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Hague urges end to barrel bomb use


Foreign Secretary William Hague has urged Syria to end its use of barrel bombs.

Foreign Secretary William Hague has urged Syria to end its use of barrel bombs.

Foreign Secretary William Hague has urged Syria to end its use of barrel bombs.

The "barbaric" use of barrel bombs in Syria must end, William Hague has said after t he United Nations security council (UNSC) backed a resolution calling for humanitarian access to Syria to help relieve the plight of civilians caught up in the bloodshed.

The resolution demands an end to indiscriminate aerial bombardment and the immediate lifting of sieges by both forces loyal to president Bashar Assad and the opposition.

China and Russia, which as an ally of Assad had frustrated previous efforts to reach agreement at the UNSC, supported the measure which stops short of threatening sanctions but does e xpress the council's intention to take "further steps" if the resolution's conditions are not met.

Foreign Secretary Mr Hague said: "This is a vital step towards ensuring that humanitarian aid reaches millions of Syrians in desperate need of help, including those who have been denied their basic human right to food and medical aid.

"The adoption of this resolution, on the initiative of the UK and our close partners, sends a clear message that the Assad regime cannot be allowed to starve hundreds of thousands of its own people into submission.

"Our priority now is the full and immediate implementation of the resolution.

"I call on the Assad regime to cease the indiscriminate use of aerial bombardment across Syria, including the barbaric use of barrel bombs, and immediately adhere to the obligations set by the Security Council and allow free and unfettered access for all humanitarian agencies.

"We will not hesitate to return to the Security Council if the Assad regime fails to meet the demands in this resolution.

"In parallel, the UK will remain at the forefront of the international humanitarian effort. We will intensify our support, with our allies, for the Geneva II process, to bring about a political settlement of the conflict in Syria. The international community should show the same sense of unity we have seen at the Security Council today, to support the Geneva II negotiations."

UN secretary general Ban Ki-moon said: " Civilians continue to bear the brunt of the conflict. They are the daily victims of brutal violence and indiscriminate attacks, including the use of heavy weapons, aerial bombings, mortars and car bombs in population areas.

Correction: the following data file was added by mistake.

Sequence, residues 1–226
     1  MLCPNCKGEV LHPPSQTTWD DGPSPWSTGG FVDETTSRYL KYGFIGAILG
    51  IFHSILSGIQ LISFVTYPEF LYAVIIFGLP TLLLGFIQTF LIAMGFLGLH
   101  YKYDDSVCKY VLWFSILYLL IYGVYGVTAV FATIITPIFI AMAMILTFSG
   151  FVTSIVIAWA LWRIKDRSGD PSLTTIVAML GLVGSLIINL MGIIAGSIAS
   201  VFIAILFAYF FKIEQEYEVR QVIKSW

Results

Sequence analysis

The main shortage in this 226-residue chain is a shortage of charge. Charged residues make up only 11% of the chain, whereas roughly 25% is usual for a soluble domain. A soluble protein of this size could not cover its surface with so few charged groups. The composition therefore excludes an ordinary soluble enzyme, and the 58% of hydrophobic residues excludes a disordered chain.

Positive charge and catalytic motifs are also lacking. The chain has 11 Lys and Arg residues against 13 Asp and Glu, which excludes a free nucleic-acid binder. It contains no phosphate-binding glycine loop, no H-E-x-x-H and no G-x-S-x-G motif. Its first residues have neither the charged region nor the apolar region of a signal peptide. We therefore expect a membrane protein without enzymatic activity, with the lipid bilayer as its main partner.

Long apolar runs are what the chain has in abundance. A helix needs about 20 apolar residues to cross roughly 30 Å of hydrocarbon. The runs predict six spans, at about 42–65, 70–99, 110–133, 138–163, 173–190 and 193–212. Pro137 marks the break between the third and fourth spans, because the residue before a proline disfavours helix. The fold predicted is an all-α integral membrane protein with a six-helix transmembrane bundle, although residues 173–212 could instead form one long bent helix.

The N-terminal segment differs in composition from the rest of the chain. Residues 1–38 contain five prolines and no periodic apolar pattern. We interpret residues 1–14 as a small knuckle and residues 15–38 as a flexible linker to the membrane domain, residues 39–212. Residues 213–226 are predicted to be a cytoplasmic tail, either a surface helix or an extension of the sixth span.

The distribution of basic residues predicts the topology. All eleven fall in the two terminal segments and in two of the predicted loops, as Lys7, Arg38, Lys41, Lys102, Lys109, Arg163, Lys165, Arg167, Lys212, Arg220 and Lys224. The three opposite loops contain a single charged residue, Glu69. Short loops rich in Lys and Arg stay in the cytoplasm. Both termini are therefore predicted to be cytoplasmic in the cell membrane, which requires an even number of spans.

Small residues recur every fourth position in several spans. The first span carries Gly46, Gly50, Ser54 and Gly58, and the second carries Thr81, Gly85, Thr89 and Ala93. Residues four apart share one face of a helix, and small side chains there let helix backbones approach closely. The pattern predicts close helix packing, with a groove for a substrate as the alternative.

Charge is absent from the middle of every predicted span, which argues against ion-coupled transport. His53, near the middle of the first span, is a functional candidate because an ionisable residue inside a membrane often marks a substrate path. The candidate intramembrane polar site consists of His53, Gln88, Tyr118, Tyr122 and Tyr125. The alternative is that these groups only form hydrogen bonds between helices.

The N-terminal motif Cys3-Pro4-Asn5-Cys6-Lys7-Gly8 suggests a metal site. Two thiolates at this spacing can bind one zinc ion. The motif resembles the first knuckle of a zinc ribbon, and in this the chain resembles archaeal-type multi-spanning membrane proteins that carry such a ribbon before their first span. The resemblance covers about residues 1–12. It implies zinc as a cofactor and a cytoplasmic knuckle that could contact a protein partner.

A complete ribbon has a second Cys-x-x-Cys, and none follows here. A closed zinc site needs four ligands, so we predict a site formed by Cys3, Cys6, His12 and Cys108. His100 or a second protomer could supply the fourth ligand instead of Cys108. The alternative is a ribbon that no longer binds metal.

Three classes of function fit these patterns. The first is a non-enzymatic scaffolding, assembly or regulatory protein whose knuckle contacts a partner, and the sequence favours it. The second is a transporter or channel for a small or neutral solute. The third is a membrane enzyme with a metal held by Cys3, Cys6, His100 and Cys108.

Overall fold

"There are continued reports of massacres and atrocities throughout the country.

"Women and girls have been subjected to sexual and gender-based violence.

"Syrian Government and allied militias have been responsible for countless killings, disappearances, the horrendous use of barrel bombs and torture on a massive scale.

"Opposition groups have carried out summary executions, the recruitment of children for combat and the use of terror tactics in civilian areas.

"Attacks against civilian infrastructure, including schools and hospitals, continue unabated.

"These heinous acts are unacceptable and must stop immediately. All combating parties in Syria must abide by their obligations under international humanitarian law."

Save the Children's chief executive Justin Forsyth said: "We strongly welcome this UN resolution, a strong diplomatic breakthrough that comes none too soon for the people of Syria.

"It now has to be immediately implemented and result in tangible change on the ground today - that means providing full and unfettered access to humanitarian aid for all the Syrian children and their families caught in the conflict.

"Since the adoption of the presidential statement last October, we have witnessed months of failure. The refugee numbers have risen by almost 14%. People displaced inside Syria have increased by a shocking 55%.

"We can't afford to have more inaction. Now that the international community has sent a strong message, this resolution has to start being implemented fully from today.

"Aid must be allowed across conflict lines, into besieged and hard to reach areas and across borders where this is the most direct route. Syria's children cannot wait any longer."